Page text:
Trophic interactions may prevent species from adapting quickly to climate change. A new study has found that predator-prey interactions cause some species, particularly large predators, to shift their ranges more slowly than changes in climate conditions. These large-bodied top predators will stay longer than smaller prey in historical habitats, partly because of the arrival of new food sources that have already shifted their ranges. Thus, they continue to occupy areas where the conditions mean they are less likely to thrive, potentially reducing growth and reproduction rates.
The first evidence of meningitis is Greenland sharks has been found. A stranded shark, thought to be around 100 years old, was found in March of this year. A post-mortem was carried out and showed that her brain contained a type of Pasteurella bacterium, which likely caused the meningitis. This rare occurrence is an exceptional opportunity for scientists to learn about this cryptic and endangered species, which usually occupies waters up to 2,600m below the surface of the Arctic and North Atlantic oceans. In other shark news, several major brands have been found to sell cat food that contains protected and vulnerable sharks, including silky sharks (Carcharhinus falciformis). Researchers found that 31% of the 144 samples from 45 cat food products contained shark meat.
A number of new or rediscovered species have been found recently, including a tropical plant species (Gasteranthus extinctus) found in Ecuador, believed to be extinct for almost 40 years, and six of the world’s smallest frogs, which have been discovered in Mexico. These frogs, part of the Craugastor genus, may be classed as endangered, with calls for them to be better protected as they face a number of threats, including habitat damage and chytridiomycosis, a fungal disease that is severely impacting amphibian populations across the world.
Dogger Bank, the UK’s largest sandbank, has been given protection from bottom trawling. Despite being labelled as a Marine Protected Area (MPA), the occurrence of bottom trawling at this site has tripled over the last few years. This activity has serious environmental impacts, through the destruction of seabed habitats, the release of carbon usually stored in the sediment and the disturbance of marine species that rely on these areas. Now, four bylaws have been introduced, coming into effect in June, which will ban bottom trawling in Dogger Bank, as well as Inner Dowsing, Race Bank and North Ridge. However, there is criticism that only four of 64 offshore benthic MPAs are receiving this protection and only parts of Inner Dowsing are covered by the bylaws.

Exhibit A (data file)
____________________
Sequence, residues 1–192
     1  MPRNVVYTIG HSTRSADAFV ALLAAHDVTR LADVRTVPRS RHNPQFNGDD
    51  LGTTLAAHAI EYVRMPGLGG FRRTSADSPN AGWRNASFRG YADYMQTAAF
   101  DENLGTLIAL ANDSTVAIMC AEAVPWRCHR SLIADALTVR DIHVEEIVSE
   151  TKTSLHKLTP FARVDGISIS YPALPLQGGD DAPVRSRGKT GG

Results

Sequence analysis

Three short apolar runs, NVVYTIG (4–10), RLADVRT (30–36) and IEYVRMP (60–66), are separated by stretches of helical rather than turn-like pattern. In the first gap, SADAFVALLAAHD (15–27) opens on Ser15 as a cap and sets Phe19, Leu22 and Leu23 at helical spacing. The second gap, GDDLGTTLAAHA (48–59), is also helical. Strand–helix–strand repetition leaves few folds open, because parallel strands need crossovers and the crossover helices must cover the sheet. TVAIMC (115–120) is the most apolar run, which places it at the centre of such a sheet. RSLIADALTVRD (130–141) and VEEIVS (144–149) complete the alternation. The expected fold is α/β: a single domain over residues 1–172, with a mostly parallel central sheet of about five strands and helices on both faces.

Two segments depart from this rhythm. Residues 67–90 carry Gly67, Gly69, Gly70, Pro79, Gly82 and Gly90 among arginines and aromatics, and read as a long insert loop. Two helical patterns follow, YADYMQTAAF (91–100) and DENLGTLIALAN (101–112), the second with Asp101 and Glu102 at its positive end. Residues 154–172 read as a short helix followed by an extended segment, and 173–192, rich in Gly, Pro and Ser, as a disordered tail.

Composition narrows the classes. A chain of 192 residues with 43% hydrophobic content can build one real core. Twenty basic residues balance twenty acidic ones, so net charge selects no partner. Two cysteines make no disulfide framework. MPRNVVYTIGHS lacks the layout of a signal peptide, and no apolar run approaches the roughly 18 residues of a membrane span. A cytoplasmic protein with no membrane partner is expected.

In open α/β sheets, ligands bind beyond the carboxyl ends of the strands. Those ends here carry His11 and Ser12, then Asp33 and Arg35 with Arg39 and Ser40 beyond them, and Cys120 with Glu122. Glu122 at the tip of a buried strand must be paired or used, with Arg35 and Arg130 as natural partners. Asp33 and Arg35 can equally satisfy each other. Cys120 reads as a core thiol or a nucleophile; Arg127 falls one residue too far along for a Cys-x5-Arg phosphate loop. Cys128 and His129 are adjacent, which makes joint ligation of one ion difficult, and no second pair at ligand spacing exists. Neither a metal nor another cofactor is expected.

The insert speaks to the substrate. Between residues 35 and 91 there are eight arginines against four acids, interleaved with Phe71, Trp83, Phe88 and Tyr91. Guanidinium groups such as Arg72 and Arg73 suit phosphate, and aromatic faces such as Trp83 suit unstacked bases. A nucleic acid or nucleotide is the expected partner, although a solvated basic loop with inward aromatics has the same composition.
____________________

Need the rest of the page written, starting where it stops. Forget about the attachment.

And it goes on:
Conservation and ecology
Extinctions and habitat fragmentation may have contributed to the reduction in nutrient transport by wildlife. Stocks of phosphorus, a key ingredient used in fertilisers in modern agriculture, are diminishing. A new study has shown that, historically, wildlife transported a large proportion of phosphorus back to the land after it was washed into rivers and out into the ocean. With reduced species abundance and the erection of man-made structures such as dams and fences blocking natural migration routes, this process is being hindered, potentially creating an impending shortage of fertilisers. By restoring habitat connectivity and promoting biodiversity, these natural pathways may be mended.
In other biodiversity news, the decline in Poland’s feral pig population, caused by a disease outbreak in 2015, has had a strong impact on oak regeneration, with recruitment increasing twofold compared to pre-epidemic levels. Additionally, the critically endangered spotted tree frog (Litoria spenceri) is attempting to bounce back after being brought to near extinction by Australia’s Black Summer bushfires of 2019-2020. Eighty frogs were released in Kosciuszko National Park, New South Wales, giving hope for the species’ future.